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Charles_Phipps
05-16-2015, 06:59 PM
At heart. Rogue was made from two factors. The first was that all of the hard work they'd put into the past generation console's assets were about to become obsolete and they still had plenty of material which was useful for creating games. So, they made a "last hurrah" of a video game for fans to play on. It made them a little more money and I hope they got to enjoy that money and use it to provide a few bonuses for Christmas.

The second factor was that the next generation of consoles had left a lot of loose-ends which they felt needed to be tied up: the destruction of the Colonial Brotherhood, what was in Ezio's box, the opportunity to play a member of the Knights Templar after years of clammoring from fans to do so, and the fate of Adewale. Hell, the NOT YET ASKED question of, "Who killed Charles Dorian?"

The story of Black Flag is no more "fanfic" than any other in the series because they're all pretty much retcons to the original Assassin's Creed from Ezio to Edward Kenway. Certainly, the idea that Haytham Kenway's father is an infamous Welsh pirate is kind of out of the blue. However, it nicely adds a lot of interesting stuff to the story.

Not everything works perfectly, of course. For example, basically, Shay is DARTH VADER now. If we're to assume that the Animus is correct then even in the stand-alone missions, he's killed dozens of Assassins and possibly as many as a hundred alone. That's a pretty damn big bit of history to become so obscure that Juhani Otso Berg and the Templars have NO IDEA what happened to him.

My headcanon is Charles Lee was going to England to get Shay to kill Connor after Haytham's death but that still doesn't explain why Shay wasn't there in the first place. Still, that's a minor complaint in the grand scheme of things. I like Shay as a character and his story. A LOT.

ACZanius
05-16-2015, 07:06 PM
Cool story bro, keep telling yourself that.

VestigialLlama4
05-16-2015, 07:07 PM
At heart. Rogue was made from two factors. The first was that all of the hard work they'd put into the past generation console's assets were about to become obsolete and they still had plenty of material which was useful for creating games. So, they made a "last hurrah" of a video game for fans to play on. It made them a little more money and I hope they got to enjoy that money and use it to provide a few bonuses for Christmas.

Those are noble intentions but the actual choices and means used to accomplish it dissatisfy me. It's a perfect Templar game in that sense.


The story of Black Flag is no more "fanfic" than any other in the series because they're all pretty much retcons to the original Assassin's Creed from Ezio to Edward Kenway. Certainly, the idea that Haytham Kenway's father is an infamous Welsh pirate is kind of out of the blue. However, it nicely adds a lot of interesting stuff to the story.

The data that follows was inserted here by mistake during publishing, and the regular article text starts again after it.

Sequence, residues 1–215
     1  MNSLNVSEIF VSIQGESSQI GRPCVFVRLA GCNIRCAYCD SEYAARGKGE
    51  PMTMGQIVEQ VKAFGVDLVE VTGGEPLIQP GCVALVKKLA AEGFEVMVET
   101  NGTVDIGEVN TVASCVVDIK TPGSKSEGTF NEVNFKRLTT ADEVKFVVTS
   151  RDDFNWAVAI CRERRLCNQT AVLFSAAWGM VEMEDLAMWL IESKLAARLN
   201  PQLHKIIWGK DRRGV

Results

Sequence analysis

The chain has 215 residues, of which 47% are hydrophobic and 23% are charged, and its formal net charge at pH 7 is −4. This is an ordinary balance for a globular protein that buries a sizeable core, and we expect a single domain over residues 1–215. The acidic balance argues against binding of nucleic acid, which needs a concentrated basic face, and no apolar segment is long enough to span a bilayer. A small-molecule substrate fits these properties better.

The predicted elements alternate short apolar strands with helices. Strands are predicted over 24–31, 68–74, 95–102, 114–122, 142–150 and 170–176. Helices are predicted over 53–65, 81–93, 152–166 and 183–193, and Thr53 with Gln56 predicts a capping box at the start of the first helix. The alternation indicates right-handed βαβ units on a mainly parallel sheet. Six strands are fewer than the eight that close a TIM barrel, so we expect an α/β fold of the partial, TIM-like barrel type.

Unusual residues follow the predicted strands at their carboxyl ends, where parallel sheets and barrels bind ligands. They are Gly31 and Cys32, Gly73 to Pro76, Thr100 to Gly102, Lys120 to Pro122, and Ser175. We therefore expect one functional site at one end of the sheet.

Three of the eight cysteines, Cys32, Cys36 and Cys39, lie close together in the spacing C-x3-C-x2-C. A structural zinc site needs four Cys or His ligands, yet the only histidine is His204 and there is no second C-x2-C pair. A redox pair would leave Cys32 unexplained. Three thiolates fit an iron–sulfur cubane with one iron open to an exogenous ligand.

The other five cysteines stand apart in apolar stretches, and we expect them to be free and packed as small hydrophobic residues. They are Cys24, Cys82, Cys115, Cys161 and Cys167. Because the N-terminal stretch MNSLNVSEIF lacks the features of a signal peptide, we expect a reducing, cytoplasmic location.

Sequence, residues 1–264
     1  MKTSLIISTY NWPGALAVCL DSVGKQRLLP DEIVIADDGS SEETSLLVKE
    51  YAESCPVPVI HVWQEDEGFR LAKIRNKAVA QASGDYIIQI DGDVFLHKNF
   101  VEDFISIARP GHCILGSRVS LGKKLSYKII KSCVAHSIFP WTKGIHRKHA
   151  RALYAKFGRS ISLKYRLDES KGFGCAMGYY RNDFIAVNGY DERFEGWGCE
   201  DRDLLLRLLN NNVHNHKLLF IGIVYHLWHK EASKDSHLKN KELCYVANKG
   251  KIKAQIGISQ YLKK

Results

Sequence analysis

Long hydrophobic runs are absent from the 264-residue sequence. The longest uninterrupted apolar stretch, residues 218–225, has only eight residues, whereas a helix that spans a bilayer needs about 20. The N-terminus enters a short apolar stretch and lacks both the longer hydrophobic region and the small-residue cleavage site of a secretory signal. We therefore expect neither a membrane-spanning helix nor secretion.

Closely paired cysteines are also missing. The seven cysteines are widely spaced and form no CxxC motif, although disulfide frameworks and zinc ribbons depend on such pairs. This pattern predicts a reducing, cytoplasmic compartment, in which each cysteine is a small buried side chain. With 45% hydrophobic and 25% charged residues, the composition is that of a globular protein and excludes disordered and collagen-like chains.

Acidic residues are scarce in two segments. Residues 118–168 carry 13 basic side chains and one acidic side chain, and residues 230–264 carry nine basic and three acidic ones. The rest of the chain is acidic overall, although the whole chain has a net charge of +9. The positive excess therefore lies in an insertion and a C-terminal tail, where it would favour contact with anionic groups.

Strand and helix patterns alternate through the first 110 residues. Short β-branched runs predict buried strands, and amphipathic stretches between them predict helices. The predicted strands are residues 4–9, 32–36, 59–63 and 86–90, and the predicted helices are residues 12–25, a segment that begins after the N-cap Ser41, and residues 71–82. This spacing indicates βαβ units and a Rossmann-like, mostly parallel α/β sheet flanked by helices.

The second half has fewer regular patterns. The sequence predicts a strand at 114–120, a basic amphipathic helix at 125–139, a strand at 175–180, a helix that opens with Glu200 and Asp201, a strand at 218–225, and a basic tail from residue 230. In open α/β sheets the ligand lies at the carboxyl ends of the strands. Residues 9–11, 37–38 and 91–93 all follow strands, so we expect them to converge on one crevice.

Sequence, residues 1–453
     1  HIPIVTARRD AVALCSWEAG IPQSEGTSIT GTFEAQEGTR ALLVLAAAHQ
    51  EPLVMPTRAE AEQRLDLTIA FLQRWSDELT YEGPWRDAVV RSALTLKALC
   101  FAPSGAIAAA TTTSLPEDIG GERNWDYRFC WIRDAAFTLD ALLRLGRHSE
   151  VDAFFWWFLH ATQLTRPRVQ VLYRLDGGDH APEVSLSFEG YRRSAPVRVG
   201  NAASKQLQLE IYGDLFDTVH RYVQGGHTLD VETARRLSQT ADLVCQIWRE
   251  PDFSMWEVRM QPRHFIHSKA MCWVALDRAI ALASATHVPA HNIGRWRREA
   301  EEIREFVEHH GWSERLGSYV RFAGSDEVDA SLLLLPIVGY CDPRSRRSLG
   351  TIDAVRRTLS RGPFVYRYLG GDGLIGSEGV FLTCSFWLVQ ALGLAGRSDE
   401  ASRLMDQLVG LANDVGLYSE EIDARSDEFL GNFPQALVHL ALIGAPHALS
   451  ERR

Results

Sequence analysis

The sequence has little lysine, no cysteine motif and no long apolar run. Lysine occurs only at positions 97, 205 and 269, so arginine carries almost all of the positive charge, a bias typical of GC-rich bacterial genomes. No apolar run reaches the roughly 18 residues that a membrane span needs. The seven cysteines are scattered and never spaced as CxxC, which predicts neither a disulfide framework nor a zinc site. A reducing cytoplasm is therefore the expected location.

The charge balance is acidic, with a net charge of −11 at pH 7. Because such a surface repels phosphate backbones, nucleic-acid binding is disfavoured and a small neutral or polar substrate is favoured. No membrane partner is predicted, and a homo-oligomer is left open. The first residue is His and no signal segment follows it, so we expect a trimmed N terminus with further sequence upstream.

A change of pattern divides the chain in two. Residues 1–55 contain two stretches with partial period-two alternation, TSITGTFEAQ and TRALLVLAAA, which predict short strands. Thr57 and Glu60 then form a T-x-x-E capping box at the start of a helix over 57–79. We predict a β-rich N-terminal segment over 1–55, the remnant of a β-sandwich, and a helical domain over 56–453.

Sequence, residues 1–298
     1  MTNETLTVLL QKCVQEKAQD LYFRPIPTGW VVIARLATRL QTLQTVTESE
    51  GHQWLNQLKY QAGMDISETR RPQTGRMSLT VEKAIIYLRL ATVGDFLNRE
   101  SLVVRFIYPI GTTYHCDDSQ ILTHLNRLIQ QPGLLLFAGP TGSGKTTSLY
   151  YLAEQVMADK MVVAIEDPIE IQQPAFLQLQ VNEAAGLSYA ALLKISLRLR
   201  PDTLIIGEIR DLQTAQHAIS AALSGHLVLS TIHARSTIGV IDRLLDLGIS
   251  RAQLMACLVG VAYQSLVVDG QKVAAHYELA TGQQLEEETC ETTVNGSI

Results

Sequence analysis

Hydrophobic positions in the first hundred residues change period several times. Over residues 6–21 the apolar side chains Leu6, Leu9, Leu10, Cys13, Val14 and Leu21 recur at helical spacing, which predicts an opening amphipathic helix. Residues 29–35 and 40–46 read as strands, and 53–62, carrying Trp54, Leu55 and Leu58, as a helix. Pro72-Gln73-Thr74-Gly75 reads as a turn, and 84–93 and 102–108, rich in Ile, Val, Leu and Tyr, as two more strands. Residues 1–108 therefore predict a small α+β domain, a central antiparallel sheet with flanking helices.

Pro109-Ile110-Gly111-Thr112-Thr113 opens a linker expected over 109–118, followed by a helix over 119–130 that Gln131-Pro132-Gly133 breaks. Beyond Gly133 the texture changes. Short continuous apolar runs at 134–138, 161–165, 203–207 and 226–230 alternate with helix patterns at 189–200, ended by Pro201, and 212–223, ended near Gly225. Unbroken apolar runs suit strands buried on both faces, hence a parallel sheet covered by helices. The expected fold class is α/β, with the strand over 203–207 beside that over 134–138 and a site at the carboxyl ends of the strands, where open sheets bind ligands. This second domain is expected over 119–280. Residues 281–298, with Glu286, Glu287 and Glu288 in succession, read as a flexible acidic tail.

Black Flag is perfectly understandable to anyone who hasn't played AC3, mostly because its about the Pirate Era, which is part of our cultural memory and there are very little references to AC3's story aside from stuff fans will note. Even the end, when Edward introduces his son Haytham is a nice sweet detail on its own. Knowing who Haytham will be gives that scene a nice poignant sense of tragedy to someone who recognizes it. But it doesn't take away from the main climax which is Edward and Jenny, the Parting Glass. It's entirely a standalone story.

ROGUE on the other hand cannot stand on its legs. I don't think the game works at all if you didn't know the lore and series. Like if you didn't know who Haytham was, who Adewale was, who Achilles was. Fanfiction ultimately cannot be read by anyone unfamiliar with the main series and that's why I call ROGUE fanfiction. It's essentially a kind of Templar-game fantasy that has nothing to do with the setting of the Seven Years War and other world-historical and political issues.


Not everything works perfectly, of course. For example, basically, Shay is DARTH VADER now.

Well even Darth Vader in the third prequel had that moment where he killed those Jedi children. We don't see that in ROGUE. No honesty.

Charles_Phipps
05-16-2015, 08:16 PM
ROGUE on the other hand cannot stand on its legs. I don't think the game works at all if you didn't know the lore and series. Like if you didn't know who Haytham was, who Adewale was, who Achilles was. Fanfiction ultimately cannot be read by anyone unfamiliar with the main series and that's why I call ROGUE fanfiction. It's essentially a kind of Templar-game fantasy that has nothing to do with the setting of the Seven Years War and other world-historical and political issues.

It's a game made for fans of the series. Assassins Creed 3 doesn't stand on its own legs because it's the culmination of a trilogy, the same as Return of the Jedi. Not everything should be made for new gamers like Black Flag was.


Well even Darth Vader in the third prequel had that moment where he killed those Jedi children. We don't see that in ROGUE. No honesty.